By M Ziauddin
China has proffered six reasons why India should stop worrying over the territorial sovereignty issue as CPEC surpasses the ‘disputed ‘northern Kashmir and joins the One Belt, One Road initiative.
Liu Jinsong, minister and deputy chief of mission at the Embassy of China in India, participating in a conference on the OBOR initiative, pointed that the title and content of the agreement signed in 1963 between China and Pakistan on the boundary between China’s Xinjiang and contiguous areas, the defence of which is under the control of Pakistan, have fully accommodated India’s major concern.
He said article 6 of this agreement says the two parties ‘have agreed that after the settlement of the Kashmir dispute between Pakistan and India, the sovereign authority concerned will reopen negotiations with China, on the boundary as described in article 2 of the agreement, so as to sign a formal boundary treaty to replace the present agreement’
China has no intention, he added, to interfere in the territorial and sovereignty disputes between India and its neighbours. The OBOR initiative and CPEC is aimed at promoting economic cooperation and connectivity; it is not related with or affecting sovereignty disputes.
According to him, China’s position on the Kashmir issue has not changed either.
Secondly, transportation being the basis of CPEC and since such transportation could not detour through India and Afghanistan the connectivity between China and Pakistan would unavoidably have to pass through the Kashmir area on the Pakistan side.
Thirdly, the China-Pakistan Karakoram-Kunlun Road was built in the 1960s and put into use in the 1980s. Therefore, in his opinion, it’s no fresh news for India that China-Pakistan transportation connections and related cooperation surpass the Kashmir region.
Fourth, CPEC is an economic project focusing on development and prioritising energy and transportation infrastructure. It serves the common interests of regional countries to address both the symptoms and root causes of terrorism and extremism.
Fifth, CPEC is open, transparent, market-driven and international, in compliance with economic logic and legal procedures. It could extend to India in the future, and Bangladesh-China-India-Myanmar Economic Corridor could be connected with India’s North-South Transport Corridor.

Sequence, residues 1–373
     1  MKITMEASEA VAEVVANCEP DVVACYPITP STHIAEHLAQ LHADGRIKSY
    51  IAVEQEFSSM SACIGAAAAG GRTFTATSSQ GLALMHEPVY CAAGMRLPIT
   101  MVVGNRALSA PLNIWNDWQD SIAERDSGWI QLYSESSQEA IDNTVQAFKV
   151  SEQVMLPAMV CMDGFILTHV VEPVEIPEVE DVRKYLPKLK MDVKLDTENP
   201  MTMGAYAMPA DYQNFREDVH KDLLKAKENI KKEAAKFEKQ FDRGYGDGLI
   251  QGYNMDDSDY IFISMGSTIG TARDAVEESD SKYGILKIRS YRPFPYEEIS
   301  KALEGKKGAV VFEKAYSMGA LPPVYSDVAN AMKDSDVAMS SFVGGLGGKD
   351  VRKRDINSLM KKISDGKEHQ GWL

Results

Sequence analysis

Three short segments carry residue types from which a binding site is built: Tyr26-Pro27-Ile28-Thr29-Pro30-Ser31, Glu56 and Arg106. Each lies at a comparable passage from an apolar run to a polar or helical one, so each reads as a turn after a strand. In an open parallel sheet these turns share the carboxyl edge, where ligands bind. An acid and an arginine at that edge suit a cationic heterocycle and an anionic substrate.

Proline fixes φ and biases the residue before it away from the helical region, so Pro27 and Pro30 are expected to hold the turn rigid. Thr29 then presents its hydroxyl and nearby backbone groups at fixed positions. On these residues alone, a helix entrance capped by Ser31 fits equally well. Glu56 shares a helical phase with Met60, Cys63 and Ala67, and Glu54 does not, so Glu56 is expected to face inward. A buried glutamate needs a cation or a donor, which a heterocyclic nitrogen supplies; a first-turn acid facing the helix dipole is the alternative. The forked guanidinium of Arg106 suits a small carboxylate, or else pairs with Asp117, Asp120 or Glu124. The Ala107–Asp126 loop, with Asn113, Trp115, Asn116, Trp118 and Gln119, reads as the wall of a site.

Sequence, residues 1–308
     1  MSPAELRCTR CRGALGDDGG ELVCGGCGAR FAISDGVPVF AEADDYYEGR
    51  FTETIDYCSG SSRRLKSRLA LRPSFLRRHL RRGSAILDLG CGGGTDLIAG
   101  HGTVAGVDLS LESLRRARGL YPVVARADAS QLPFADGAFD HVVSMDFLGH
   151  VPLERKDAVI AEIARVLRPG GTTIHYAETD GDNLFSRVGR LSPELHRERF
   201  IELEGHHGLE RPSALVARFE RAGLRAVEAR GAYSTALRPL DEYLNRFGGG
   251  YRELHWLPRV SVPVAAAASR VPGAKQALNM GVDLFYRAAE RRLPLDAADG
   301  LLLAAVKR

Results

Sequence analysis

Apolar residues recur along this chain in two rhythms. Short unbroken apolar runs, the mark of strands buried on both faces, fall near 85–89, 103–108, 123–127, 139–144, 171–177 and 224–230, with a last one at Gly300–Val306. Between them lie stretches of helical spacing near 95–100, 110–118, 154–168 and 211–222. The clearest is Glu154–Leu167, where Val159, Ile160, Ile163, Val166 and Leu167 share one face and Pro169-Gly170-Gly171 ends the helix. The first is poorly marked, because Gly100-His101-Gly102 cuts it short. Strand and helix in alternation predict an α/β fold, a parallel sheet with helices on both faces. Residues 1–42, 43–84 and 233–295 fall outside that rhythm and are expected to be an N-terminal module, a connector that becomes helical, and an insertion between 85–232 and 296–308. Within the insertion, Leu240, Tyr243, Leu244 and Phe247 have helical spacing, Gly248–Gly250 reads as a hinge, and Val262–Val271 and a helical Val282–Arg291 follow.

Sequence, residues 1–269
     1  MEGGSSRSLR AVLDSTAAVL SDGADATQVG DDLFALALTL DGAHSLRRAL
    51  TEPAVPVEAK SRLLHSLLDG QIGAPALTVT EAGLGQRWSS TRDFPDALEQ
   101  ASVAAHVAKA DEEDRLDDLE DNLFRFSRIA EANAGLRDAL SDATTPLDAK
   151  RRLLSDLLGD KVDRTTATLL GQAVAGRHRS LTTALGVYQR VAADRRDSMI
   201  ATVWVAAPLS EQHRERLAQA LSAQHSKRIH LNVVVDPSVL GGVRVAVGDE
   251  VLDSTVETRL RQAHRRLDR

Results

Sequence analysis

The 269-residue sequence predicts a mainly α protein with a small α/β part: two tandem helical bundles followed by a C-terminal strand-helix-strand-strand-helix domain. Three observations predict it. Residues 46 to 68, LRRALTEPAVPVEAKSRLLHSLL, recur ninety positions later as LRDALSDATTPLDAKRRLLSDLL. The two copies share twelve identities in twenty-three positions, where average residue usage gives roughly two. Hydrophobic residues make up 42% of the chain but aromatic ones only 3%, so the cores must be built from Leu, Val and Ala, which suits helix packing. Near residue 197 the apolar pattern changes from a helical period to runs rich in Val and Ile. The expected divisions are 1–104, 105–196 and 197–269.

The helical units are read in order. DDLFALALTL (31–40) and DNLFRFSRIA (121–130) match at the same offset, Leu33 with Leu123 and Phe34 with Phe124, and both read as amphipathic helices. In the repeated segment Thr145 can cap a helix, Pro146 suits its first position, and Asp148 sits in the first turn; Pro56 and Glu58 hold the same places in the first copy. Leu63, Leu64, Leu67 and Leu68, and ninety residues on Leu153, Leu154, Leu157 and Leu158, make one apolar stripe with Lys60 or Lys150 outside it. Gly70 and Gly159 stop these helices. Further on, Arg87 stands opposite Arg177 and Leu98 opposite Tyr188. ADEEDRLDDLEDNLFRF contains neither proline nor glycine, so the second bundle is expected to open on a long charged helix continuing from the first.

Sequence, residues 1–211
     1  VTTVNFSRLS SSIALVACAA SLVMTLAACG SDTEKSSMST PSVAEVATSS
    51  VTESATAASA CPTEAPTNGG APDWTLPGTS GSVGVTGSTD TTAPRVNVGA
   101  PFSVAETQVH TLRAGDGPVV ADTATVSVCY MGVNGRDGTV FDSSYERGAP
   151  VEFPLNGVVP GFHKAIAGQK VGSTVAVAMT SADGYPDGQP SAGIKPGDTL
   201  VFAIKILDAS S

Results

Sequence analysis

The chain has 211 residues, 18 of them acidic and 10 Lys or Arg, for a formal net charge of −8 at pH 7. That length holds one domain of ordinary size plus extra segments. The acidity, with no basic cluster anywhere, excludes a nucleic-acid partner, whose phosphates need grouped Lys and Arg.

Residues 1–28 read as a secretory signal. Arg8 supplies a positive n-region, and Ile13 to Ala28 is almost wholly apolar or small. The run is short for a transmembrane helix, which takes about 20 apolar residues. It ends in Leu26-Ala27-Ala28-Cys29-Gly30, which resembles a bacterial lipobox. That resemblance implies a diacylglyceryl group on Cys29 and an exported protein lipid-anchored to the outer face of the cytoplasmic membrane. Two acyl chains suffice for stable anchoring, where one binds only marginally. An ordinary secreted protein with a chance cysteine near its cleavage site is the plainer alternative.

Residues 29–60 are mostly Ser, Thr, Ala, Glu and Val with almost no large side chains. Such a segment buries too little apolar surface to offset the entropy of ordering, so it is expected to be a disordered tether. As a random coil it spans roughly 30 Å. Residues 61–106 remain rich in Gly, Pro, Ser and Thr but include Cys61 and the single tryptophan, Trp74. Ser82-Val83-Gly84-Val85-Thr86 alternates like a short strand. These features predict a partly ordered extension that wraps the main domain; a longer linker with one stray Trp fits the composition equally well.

Sixth, China and India may well cooperate on the OBOR-related areas and jointly build the “Asian Age”.
Referring to the Five Principles of Peaceful Coexistence, he pointed that ‘China respects the reasonable concerns and interests of the Indian side.’
Pointing that the OBOR focuses on development, aims for global multi-polarity and democracy by multilateralism, regionalism instead of alignment and sphere of influence, he said ‘this concept is in line with Indian diplomacy.’
Presenting his paper at the conference Dr Abid Q Suleri, of the Sustainable Development Policy Institute, also strongly argued the case for India joining CPEC. He said investments that China is making in India, Pakistan, for the reconstruction of Afghanistan, Iran and Central Asia will serve as a bridge.
“If one takes an optimistic view, China, as the common denominator in OBOR, can bring all of us to one table and start some dialogue even if all the parties have divergent opinions,” Dr Suleri remarked.
Delivering his keynote address on the occasion, Ambassador Shivshankar Menon asserted that CPEC lacked economic justification.
CPEC, he maintained, is to traverse some of the most lawless and insecure parts of the world and for India, there is the added complication that it goes through ‘Indian territory under Pakistani occupation’, and that by making a long-term investment on that basis, seems to solidify and legitimise that occupation.
“Indeed, this raises the larger issue that much of the planned OBOR infrastructure is in regions and countries where security is weak and politics unstable. Therefore, the risks to large-scale investment are considerable,” he warned.
He was not sure if investment alone will help to stabilise these areas.